All the World Is A Stage for Madhav Vaze

Back in 1953, a child artiste came into the spotlight in the President Award winning film Shyamchi Aai. Now 77, Pune-based Madhav Vaze has scripted a rich career in theatre with occasional forays into cinema.

His penchant for the theatre developed as time went by and today he is acknowledged as one of its top personalities as both actor and director. He is also a former English lecturer at Nowrosjee Wadia College. Vaze who appeared in Aamir Khan’s 3 Idiots and Shah Rukh Khan Dear Zindagi. He also directed a Marathi production of Hamlet in 2013 which was a hit. Madhav Vaze and has him talking about his life and journey :

We met Madhav Vaze and share interesting details of his illustrious journey :

So how did your love for theatre begin?

I studied at the Nutan Marathi School in Pune where I took part in drama competitions. My acting was appreciated and when I was in the 5th and 6th standard I won the first prize in drama. The judges were Keshav Vaman Bhole and Jyotsna Keshav Bhole.

How did your in Shyamchi Aai evolve ?

When Prahlad Keshav Atre (Acharya) wanted a new face for this film, he contacted Keshav Bhole to find him one. He suggested my name and that was my big break.

Being still in school, was there any pressure on you when you took the role?

Not really since my parents supported me. The film was based on a story written by the great Sane Guruji. Acharya Atre was also a great man. I did not know about these famous personalities. When Atre came to my house, I was told by my father and uncle that he was not only a filmmaker but also a poet and litterateur.

How did you feel when , won the National Award?

This award was the first for a Marathi film. I felt proud. Working with Acharya Atre was a great experience. I learned so much from him. During the awards ceremony, I met another great Marathi film personality, V Shantaram, and that was a great moment in my life.

So why didn’t you take up cinema as a career after the success of your first film?

I was not really interested in films. I got involved in a lot of dramas after Shyamchi Aai. Dramas are live and you cannot do a retake or rectify a mistake. I preferred to be a perfectionist and theatre seemed to be the way forward for me. I also got a chance to direct dramas too. I also became an international theatre critic. Now I am identified as a theatre artiste.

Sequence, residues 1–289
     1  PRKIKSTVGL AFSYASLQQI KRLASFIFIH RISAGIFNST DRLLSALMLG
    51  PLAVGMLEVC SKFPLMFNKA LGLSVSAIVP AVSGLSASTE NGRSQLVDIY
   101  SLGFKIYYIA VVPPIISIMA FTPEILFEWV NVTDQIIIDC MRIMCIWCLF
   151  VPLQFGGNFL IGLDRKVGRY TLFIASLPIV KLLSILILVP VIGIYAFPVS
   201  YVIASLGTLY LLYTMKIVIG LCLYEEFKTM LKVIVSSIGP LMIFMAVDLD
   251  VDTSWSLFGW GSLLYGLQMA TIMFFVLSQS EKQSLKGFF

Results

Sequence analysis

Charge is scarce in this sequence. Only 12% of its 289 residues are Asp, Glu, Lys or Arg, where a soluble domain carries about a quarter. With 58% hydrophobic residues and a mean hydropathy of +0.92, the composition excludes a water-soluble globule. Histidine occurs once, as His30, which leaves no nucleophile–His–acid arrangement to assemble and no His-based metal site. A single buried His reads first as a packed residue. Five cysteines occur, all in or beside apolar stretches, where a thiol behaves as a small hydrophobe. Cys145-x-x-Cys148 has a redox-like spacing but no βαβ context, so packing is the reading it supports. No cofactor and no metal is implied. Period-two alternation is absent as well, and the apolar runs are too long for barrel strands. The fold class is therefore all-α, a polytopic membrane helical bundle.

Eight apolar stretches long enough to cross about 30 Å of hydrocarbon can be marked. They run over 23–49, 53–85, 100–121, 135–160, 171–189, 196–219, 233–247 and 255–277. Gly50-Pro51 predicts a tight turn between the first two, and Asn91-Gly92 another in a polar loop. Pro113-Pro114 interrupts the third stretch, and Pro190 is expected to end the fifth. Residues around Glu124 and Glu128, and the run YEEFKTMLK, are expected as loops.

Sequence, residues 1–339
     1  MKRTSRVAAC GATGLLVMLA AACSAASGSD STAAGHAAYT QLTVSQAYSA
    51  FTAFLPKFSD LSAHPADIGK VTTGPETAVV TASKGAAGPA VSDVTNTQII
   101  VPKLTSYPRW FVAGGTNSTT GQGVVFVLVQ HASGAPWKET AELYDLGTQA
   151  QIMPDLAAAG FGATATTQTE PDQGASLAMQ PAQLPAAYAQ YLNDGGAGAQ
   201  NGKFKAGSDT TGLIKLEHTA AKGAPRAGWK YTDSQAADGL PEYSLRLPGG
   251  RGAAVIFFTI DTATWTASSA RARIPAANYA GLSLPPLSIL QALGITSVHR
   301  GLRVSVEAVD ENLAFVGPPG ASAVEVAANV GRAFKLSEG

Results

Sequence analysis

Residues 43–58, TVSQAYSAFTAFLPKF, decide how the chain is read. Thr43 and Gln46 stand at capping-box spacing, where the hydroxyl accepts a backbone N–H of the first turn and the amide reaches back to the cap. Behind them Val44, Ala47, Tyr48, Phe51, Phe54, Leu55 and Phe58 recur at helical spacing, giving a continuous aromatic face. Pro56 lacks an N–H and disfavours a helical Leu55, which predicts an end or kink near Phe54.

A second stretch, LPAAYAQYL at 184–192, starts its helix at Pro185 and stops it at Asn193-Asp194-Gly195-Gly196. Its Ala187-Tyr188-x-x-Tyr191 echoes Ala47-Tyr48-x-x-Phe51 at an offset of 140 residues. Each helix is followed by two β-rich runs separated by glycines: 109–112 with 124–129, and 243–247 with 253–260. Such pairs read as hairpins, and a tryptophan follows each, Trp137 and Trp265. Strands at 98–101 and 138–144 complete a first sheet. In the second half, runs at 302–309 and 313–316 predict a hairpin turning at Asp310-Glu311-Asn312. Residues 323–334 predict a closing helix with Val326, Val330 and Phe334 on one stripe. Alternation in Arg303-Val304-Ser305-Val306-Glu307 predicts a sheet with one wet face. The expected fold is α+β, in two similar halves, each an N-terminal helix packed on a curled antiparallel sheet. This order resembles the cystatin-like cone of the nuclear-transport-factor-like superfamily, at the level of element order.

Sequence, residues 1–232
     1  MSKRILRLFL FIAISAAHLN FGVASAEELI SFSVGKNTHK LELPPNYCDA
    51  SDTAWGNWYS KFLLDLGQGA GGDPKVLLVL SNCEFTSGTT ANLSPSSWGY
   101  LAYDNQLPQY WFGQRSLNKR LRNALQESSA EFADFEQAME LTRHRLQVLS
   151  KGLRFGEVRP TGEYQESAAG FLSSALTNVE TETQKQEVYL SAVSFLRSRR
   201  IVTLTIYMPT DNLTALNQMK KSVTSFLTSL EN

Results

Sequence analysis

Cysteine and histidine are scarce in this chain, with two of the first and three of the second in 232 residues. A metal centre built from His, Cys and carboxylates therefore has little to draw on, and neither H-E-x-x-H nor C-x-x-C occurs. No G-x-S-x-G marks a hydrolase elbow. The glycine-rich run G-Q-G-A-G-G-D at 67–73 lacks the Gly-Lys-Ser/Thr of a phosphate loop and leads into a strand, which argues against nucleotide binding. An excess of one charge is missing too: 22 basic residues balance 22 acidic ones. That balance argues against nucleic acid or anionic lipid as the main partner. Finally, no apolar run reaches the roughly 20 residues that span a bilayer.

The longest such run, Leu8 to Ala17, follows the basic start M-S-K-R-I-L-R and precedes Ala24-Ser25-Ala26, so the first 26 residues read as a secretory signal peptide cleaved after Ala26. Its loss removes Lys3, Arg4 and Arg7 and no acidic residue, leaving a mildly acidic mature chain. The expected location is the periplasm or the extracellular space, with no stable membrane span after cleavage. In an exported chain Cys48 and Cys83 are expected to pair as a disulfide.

What made you to work in 3 Idiots?

The director, Rajkumar Hirani, wanted me to play the role of the father of one of the characters, Joy Lobo, who is a student with a passion for machines. The character commits suicide after he faces failure in exams.

I told Hirani I did not want the role. But they persuaded me to take it up as I looked like a Christian. The hero, Aamir Khan, appreciated my role and wanted to act in a play with me. Later, I agreed to do a role in Dear Zindagi.

What is your opinion about films today?

In the early days, technology had not advanced as much as it is today. There used to be a good storyline and lots of dialogue. We not only entertained but also educated the filmgoers. Today’s films are more about entertainment. The clever use of technology has become part and parcel of films, particularly Bollywood.

So how would you describe yourself after having done theatre, films after being an English language lecturer?

Well, I am everything rolled into one. When I worked as a lecturer, I found time to do work in theatre and also catch up with my reading.

You were born in Pune. How have you seen the city change?

Pune was a city of bicycles in the old days. Today, it is congested with two-wheelers, cars and the pollution level has soared.

But I still like Pune.

Ruturaj Mogali

Ruturaj Mogali

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